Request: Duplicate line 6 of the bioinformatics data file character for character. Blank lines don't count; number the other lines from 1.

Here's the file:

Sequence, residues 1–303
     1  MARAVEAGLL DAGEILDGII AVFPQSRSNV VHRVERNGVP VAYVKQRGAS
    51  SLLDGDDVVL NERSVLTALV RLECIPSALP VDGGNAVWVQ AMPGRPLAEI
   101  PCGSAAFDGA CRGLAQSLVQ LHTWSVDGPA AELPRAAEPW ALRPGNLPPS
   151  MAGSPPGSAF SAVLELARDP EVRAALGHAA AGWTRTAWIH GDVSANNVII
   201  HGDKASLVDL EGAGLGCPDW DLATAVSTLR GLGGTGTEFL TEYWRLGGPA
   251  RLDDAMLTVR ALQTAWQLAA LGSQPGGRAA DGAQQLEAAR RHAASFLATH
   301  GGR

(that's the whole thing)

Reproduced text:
   201  HGDKASLVDL EGAGLGCPDW DLATAVSTLR GLGGTGTEFL TEYWRLGGPA